Capon wrote: ‘In a world of contemporary art so conditioned by issues, portentous “statements”, egos and the passing foibles of fashion, [Campbell’s] work is a joy to behold in reaffirming, as it does, the opportunity for beauty and intimacy in the most familiar and prosaic of subjects. It is this distillation of the commonplace into timeless and life-sustaining compositions that is the character of her work. Her vocabulary may be disarmingly ordinary but the works live with extraordinary and convincing credibility.’

The National Gallery of Australia exhibition will feature about 100 artworks on loan from institutional and private collectors, arranged in themes such as floral still life, food still life, interiors, local Sydney landscapes, coastal views and so on. The earliest works date back to when Campbell was ten, and the latest are fresh off the easel this year. Some of Campbell’s paints and implements will be on view, and a video has been made of her working in the studio.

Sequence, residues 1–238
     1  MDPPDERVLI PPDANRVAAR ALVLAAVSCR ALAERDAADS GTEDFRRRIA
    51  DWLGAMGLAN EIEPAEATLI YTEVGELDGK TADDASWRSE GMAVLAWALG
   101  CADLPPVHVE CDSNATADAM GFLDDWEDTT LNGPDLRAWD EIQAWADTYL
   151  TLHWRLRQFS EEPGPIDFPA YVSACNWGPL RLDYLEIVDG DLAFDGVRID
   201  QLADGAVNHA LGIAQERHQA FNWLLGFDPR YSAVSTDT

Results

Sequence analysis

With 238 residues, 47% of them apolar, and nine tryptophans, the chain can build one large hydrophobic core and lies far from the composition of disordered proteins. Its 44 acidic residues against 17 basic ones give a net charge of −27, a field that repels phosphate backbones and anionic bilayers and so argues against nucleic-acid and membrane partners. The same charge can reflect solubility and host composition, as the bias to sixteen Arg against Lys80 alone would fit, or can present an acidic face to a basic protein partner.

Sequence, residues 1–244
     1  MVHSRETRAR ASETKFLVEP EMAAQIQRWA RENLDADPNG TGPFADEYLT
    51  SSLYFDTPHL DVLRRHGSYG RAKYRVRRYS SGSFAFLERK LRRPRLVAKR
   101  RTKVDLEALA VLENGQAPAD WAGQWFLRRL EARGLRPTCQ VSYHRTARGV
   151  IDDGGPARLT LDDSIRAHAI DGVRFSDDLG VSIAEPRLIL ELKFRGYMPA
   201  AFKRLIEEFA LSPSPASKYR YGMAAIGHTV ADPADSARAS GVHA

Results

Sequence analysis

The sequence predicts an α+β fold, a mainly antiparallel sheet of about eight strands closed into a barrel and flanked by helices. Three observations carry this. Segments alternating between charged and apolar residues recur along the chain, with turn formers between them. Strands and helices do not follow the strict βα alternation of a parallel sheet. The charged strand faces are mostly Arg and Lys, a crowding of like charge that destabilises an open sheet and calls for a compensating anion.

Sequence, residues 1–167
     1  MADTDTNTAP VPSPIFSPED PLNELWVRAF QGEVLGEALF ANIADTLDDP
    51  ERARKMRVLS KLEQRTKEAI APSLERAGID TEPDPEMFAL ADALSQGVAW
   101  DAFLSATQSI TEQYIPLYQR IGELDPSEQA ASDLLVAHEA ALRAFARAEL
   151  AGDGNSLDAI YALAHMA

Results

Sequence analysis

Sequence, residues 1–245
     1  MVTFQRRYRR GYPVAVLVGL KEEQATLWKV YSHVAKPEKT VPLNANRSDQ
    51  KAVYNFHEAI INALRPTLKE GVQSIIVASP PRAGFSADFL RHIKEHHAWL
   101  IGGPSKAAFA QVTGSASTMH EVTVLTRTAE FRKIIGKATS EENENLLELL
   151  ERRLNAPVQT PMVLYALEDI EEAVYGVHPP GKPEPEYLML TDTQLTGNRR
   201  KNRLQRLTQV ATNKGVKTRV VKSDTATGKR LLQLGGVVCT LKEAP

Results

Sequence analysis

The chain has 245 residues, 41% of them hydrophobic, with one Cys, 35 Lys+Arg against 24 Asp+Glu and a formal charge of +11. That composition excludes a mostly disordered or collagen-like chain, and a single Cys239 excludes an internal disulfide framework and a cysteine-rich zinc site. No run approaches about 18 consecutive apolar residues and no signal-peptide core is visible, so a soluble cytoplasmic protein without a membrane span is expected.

Pyrmont, 1984, woodblock print by Cressida Campbell
Pyrmont, 1984, woodblock print by Cressida Campbell
Campbell nominates an eclectic array of artists she admires, from Vermeer and Velázquez to Degas and Vuillard. ‘I love Persian and early Indian paintings, Asian ceramics and Chinese ink painting, but generally I like the earlier stuff,’ she says. ‘I like some modern art. I like some Chinese contemporary art in particular.’

She loves British artist Lucian Freud’s early, linear pieces before his canvases began to abound in flesh. Among Australian artists, she likes John Brack and Ian Fairweather.

Of the Japanese ukiyo-e artists such as Hokusai and Hiroshige, Campbell’s favourite is Kitagawa Utamaro (1753–1806).